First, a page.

And Bogdanovich shrewdly drew on Ford and Hawks for the two astonishing set pieces in the film, performances for which two of the older actors won Academy Awards. In the first, a long soliloquy with Sonny and friends by the lake, Sam the Lion, the town’s de-facto father figure (in the absence of any other responsible parents), describes with nostalgia and regret his long-ago affair with a then-young local girl, whose identity is only revealed later in the film. As Sam (Ben Johnson, a syrup-tongued John Ford alumnus) speaks in a long, single take, the sun appears at a crucial moment from a cloudy sky — a true unscripted Ford moment.
In the second piece, a concluding confrontation between Sonny and Ruth (Sonny’s rejected older lover), Leachman delivers a devastating emotional diatribe over an intentionally distracting background, Hawks-like overlapping dialogue of an old comedy routine, on a radio that Ruth neglects to turn off. This competing noise forces the viewer to focus and strain in order to appreciate her remarkable tirade, her cry of despair at the asymmetric relationship which she has initiated but from which she has been excluded. The young Sonny, guilt-stricken, bereft and alone, can only listen without responding, yearning for the absolution which finally, exhausted, she gives: “Never you mind, honey . . . never you mind.” Two deserved Oscar performances.
It was not easy to produce the movie in this only-too-real on-site location. McMurtry’s mother, still living in the town years after the revealing novel was published, had to endure again the approbation of her fellow townspeople (her next-door neighbor was still not speaking to her). Bogdanovich was a Hollywood outsider to this small town (one grizzled local remarked in a later interview, “with a name like Bogdanovich, I knowed he weren’t from Wichita Falls.”)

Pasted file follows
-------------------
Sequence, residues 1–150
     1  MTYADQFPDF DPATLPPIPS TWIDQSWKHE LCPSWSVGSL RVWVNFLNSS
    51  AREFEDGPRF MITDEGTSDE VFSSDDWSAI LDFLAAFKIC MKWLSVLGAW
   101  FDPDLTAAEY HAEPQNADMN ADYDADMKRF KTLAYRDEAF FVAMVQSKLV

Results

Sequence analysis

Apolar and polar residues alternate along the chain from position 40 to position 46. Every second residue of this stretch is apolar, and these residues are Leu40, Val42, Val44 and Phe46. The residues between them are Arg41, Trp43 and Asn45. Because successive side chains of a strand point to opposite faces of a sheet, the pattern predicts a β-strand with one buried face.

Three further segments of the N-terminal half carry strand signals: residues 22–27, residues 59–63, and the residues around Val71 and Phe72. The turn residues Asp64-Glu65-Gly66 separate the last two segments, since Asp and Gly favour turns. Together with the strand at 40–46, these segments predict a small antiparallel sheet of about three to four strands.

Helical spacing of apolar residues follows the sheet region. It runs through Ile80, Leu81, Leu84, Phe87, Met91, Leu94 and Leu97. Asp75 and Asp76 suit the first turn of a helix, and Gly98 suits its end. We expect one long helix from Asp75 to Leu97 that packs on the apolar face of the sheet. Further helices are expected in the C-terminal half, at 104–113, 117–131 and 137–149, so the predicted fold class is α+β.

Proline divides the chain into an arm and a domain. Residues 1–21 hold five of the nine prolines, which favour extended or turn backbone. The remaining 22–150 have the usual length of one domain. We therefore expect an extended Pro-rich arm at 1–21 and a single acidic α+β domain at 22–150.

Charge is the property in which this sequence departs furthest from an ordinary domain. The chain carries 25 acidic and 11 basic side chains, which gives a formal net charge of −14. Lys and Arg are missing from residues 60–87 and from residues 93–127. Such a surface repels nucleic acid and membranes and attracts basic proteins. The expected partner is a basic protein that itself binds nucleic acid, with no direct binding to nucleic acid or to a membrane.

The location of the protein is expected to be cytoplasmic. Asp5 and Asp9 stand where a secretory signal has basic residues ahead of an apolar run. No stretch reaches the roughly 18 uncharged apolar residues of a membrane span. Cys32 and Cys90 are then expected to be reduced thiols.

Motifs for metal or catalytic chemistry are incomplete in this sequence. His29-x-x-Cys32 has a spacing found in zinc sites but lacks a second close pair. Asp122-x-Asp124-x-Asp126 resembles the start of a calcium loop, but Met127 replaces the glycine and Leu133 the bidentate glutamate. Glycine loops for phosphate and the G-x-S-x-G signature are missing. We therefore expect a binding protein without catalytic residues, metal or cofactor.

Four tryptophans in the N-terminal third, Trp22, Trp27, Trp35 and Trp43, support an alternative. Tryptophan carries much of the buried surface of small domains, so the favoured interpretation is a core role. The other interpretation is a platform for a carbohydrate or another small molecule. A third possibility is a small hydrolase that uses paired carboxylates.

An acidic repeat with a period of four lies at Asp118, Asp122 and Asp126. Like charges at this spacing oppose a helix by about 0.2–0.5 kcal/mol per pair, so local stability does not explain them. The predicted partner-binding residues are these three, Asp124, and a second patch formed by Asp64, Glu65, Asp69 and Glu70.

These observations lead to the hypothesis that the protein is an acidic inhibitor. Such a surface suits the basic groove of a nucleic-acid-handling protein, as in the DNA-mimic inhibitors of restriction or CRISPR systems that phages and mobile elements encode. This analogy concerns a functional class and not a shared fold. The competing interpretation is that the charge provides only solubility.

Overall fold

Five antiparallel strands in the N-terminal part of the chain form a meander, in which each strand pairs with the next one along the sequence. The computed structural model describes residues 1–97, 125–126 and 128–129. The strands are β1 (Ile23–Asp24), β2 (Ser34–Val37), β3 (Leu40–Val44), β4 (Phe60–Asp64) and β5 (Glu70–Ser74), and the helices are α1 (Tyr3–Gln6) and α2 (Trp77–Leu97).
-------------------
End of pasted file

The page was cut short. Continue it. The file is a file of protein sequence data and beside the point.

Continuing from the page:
And Bogdanovich himself, when the shooting began, was married to Polly Platt, the film’s talented production designer. However, halfway through the schedule, he began an affair with Shepherd, the former model who he had hired to play the flirty, pouty Jacy. In later interviews, Platt was revealed as the glue that held the production together, even in the face of her disintegrating marriage. It’s a miracle the film was completed, let alone at the high level of professional quality and emotional impact that resounds today, over 45 years later.
P.S. If you have an itch to find out what happened to Jacy, Duane, Sonny, Ruth, etc. as they made their way through life, you may be tempted to read “Texasville” or even “Duane’s Depressed,” Larry McMurtry’s two sequels in what he called the “Thalia Trilogy” (after his alias for his Archer City home town).
Breeze through them if you wish — unlike the bleak and unsparing original novel (which you must read), they are McMurtry in his later raucous and inconsequential mode. But by no means bother to see Bogdanovich’s mistaken filming of “Texasville” (1986), in which he brought back Bridges, Shepherd, Bottoms, Leachman etc. for an awkward, poorly adapted, and pointless exercise, revisiting its classic predecessor.
“Streaming” is a periodic look at classic films, available on home networks and apps. “The Last Picture Show” is currently available on iTunes, Amazon, VUDU, and FandangoNOW.